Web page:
What is anxiety?
Your greatest strength is also your greatest weakness. This holds true for anxiety as well.
At some point in your life, we have all experienced it. Anxiety is the feeling of worry and apprehension that is associated with events such as preparing for a job interview, going on a first date, or the prospect of parenthood. And it’s a normal emotion.
Anxiety serves as a positive function of alerting the mind about things you might need to worry about, possibly things that are potentially harmful. More importantly, these emotions not only cause alterations to the mental state but also instigate physical symptoms such as raised heart rate and adrenaline. It allows the body to respond to the situation in an appropriate way. This isperhaps done by quickening our reflexes and focusing our attention to help us evaluate potential threats.
It’s essential to understand that anxiety is likely to affect you only temporarily until the source has passed.You could also possibly learn to cope with it.
The difference between stress and anxiety
Stress and anxiety are used interchangeably. Stress is felt because of a particular source, such as a tight deadline. It focuses on external pressures that you find hard to cope with. You usually know what’s stressing you out, and the symptoms typically disappear after the situation is resolved. Anxiety, on the other hand, isn’t always that easy to figure out. It focuses on worries or fears about things that could threaten you. It may not have a known trigger either. Sometimes, people feel anxious for no apparent reason.
What happens to the brain when you’re anxious?
The brain is responsible for the production and processing of anxiety. It interprets incoming sensory signals and alerts the rest of the body that a threat is present, triggering a fear – or anxiety – response. Since the brain has already encoded threatening events and experiences into emotional memories, anything similar can reawaken them.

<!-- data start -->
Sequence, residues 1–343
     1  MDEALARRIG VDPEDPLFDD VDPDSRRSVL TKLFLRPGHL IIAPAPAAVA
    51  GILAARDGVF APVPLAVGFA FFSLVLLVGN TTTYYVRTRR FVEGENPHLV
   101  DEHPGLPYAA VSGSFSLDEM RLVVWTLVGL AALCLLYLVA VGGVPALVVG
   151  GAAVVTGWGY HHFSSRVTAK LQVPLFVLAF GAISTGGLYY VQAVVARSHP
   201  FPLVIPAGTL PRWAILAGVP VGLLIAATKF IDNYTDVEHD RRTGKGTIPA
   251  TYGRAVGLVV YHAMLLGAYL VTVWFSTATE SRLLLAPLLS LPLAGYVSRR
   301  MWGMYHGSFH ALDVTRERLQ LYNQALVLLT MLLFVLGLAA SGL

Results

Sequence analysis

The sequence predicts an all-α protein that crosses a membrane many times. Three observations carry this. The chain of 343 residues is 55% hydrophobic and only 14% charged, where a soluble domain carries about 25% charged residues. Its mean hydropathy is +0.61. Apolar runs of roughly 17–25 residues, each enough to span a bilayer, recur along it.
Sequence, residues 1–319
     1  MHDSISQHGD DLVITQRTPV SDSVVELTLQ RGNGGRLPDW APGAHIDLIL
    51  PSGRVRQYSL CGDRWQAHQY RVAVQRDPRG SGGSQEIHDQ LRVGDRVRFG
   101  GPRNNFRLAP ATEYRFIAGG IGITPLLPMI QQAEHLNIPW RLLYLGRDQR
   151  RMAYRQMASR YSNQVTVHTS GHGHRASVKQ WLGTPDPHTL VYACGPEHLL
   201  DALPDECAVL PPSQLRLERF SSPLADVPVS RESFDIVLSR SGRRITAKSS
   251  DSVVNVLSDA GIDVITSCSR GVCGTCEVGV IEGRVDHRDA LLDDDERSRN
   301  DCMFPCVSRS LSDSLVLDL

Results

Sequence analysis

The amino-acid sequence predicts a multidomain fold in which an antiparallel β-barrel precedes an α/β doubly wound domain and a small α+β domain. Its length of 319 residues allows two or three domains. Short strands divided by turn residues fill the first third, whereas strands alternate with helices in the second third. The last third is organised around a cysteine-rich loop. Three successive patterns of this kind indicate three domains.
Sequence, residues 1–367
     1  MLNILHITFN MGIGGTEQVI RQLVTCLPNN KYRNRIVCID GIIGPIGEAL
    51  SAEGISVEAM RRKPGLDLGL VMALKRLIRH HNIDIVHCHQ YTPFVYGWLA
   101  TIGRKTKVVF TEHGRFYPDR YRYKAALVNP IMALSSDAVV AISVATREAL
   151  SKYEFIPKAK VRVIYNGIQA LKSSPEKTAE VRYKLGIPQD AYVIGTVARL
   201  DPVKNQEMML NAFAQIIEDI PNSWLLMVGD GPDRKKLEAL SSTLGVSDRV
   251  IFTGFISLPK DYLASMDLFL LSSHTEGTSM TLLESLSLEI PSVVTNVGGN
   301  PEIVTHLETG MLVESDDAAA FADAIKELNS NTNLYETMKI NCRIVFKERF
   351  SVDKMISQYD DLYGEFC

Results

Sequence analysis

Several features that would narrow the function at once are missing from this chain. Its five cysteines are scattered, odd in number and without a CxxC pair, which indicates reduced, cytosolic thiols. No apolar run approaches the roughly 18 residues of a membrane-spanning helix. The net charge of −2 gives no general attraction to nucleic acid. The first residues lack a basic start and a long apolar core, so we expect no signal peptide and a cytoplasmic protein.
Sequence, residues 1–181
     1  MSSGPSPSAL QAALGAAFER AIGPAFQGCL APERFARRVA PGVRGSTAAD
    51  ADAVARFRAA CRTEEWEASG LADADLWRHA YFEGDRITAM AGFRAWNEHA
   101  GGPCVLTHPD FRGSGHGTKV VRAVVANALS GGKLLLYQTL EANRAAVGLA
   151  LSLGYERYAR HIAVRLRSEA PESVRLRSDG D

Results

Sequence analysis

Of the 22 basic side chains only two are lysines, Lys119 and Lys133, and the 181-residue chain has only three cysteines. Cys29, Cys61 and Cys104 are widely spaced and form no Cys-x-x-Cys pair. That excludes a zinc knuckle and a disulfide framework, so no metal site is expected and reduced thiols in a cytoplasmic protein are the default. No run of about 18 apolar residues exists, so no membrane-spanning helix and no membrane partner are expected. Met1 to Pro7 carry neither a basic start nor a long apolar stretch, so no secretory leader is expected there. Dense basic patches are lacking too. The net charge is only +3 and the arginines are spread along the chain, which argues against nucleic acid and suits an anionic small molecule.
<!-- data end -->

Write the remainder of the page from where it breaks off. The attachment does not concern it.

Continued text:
A threat, whether actual or perceived, releases a surge of hormones, like cortisol and adrenaline. The body goes into “survival mode,” naturally boosting reflex time, perception, and speed. The heart pumps faster in order to get more blood and oxygen circulating through the body.
This response is helpful and necessary when you face a real threat. But in excess, it can cause long-term damage. The wear and tear to the brain by chronic anxiety could be linked to an increased risk of depression and dementia. It’s also been linked to various physical ailments, such as a weakened immune system, weight gain, and heart disease.
What are anxiety disorders?
Anxiety disorders are a group of different mental illnesses that can interfere with your normal day-to-day life. The constant dread, worry or fear can be overwhelming and disabling. Many times, it is upsetting enough to make individuals feel extremely uncomfortable, out of control, or helpless.
Anxiety disorders may be triggered by traumatic memories, such as irrational hatred of specific objects, situations, or physical locations. The person may also persistently worry about something terrible that might happen in the future. Several defining psychological characteristics of anxiety disorders, such as irritability, difficulty concentrating and depression, become persistent and intrusive. Others also experience physical symptoms, like heart palpitations, sweating, tension, pain, rapid breathing, dizziness, fainting, indigestion, stomach aches, or diarrhea. In acute cases, a person may become entirely dominated by the conditions. This makes it hard to relax, disrupts regular sleep patterns, and impairs their ability to maintain a healthy lifestyle, job or relationships.